Archive > Performance 2005-2007

Dressage: 7,437 Kisses was a 7.5-hour performance art piece in which I was dressed in a business suit, applied red lipstick, and kissed a white wall in straight vertical lines. Using a step stool, I started at the top and moved downward until I was lying flat on the floor in order to complete the line of lipstick imprints. Over time, the lines of kisses become less straight, and my face becomes smeared with red lipstick, creating an almost violent appearance with the skin on my nose and chin rubbed raw. The title "Dressage" alludes to the equestrian practice of precise, controlled movements, symbolizing the discipline and control exerted over individuals in professional environments.

In Work Week, five TV screens display surveillance footage of the same woman repeatedly applying red lipstick and kissing stacks of white paper. There is a live performance component in which the woman sits in the corner of a room, shredding the same stacks of paper filled with kisses. The shredded paper forms a growing pile in the centre of the room. This piece explores the monotony and futility of office work and bureaucracy. The growing pile of shredded paper represents the accumulation of meaningless tasks in "professional life." The surveillance footage underscores the lack of privacy and constant monitoring in modern work environments, highlighting the performative aspect of labour.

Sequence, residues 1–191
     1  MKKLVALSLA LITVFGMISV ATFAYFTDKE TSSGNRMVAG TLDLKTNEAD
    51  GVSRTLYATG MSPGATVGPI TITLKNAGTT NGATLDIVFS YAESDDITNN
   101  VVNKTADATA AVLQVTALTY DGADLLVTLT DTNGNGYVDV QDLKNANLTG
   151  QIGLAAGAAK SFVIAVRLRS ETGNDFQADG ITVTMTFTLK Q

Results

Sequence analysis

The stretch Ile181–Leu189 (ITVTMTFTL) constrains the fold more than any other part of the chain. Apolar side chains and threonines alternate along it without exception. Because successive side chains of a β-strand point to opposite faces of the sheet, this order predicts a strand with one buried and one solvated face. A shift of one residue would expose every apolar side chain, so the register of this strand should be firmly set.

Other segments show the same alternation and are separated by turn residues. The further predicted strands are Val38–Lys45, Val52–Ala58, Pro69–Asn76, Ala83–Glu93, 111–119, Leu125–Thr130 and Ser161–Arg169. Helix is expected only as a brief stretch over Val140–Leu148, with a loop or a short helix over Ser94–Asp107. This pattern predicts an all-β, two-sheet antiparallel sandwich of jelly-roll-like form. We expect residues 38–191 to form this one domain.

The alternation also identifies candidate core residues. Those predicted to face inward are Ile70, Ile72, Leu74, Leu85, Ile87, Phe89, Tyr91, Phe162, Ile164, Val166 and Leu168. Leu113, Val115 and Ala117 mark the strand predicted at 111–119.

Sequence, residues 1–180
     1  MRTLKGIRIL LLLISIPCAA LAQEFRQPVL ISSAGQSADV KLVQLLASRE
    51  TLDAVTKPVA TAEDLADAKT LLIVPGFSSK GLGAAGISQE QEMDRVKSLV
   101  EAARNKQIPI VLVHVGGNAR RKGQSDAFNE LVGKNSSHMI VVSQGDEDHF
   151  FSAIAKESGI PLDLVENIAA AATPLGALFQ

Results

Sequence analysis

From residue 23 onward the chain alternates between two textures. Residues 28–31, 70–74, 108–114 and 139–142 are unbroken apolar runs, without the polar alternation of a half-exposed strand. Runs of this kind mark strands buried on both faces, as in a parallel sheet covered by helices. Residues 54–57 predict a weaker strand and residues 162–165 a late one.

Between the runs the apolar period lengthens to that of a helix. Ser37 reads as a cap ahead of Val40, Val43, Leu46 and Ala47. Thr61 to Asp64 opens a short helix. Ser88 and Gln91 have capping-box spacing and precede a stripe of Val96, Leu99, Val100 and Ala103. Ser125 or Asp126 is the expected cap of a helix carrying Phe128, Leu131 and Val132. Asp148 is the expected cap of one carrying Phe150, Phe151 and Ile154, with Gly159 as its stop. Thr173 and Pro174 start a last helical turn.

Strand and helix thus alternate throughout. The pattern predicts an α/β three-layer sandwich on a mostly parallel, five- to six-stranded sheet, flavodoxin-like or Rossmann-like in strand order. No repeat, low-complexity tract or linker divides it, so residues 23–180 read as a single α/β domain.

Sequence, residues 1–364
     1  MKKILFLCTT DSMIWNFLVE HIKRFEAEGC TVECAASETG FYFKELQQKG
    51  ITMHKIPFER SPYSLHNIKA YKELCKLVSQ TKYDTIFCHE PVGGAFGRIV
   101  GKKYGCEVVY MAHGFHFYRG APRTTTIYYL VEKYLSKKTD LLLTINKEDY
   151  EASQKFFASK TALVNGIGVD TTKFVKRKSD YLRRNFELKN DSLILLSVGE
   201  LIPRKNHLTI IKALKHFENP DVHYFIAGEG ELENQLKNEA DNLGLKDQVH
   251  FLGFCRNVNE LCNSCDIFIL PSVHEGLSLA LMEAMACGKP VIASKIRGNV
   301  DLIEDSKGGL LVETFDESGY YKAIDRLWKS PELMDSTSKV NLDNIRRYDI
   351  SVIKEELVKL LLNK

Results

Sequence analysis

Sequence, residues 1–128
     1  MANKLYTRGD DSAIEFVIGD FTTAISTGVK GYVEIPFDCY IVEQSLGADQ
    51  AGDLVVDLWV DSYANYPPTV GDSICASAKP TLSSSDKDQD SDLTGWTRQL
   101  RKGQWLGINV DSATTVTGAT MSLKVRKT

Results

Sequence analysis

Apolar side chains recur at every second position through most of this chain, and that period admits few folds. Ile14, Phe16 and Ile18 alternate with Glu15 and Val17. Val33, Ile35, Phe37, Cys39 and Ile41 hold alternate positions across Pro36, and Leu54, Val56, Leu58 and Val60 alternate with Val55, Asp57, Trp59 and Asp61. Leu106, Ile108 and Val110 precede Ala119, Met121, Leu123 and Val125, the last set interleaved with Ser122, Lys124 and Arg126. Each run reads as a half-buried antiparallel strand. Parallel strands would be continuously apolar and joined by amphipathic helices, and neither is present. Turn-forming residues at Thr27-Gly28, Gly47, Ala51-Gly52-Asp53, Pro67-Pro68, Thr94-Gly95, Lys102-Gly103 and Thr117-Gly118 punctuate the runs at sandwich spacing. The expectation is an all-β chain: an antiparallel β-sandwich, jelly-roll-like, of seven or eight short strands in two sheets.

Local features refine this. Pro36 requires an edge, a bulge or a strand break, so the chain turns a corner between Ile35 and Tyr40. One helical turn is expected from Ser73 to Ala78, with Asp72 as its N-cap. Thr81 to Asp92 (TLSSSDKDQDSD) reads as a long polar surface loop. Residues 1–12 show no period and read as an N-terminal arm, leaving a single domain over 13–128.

Both pieces use repetitive actions and the body's physicality to critique labour, control, and the intersection of femininity within professional and bureaucratic contexts. Dressage: 7,437 Kisses, was presented in various venues in Canada and the USA, including in Detroit, MI, at the 2006 Women's & Gender Studies Biennial.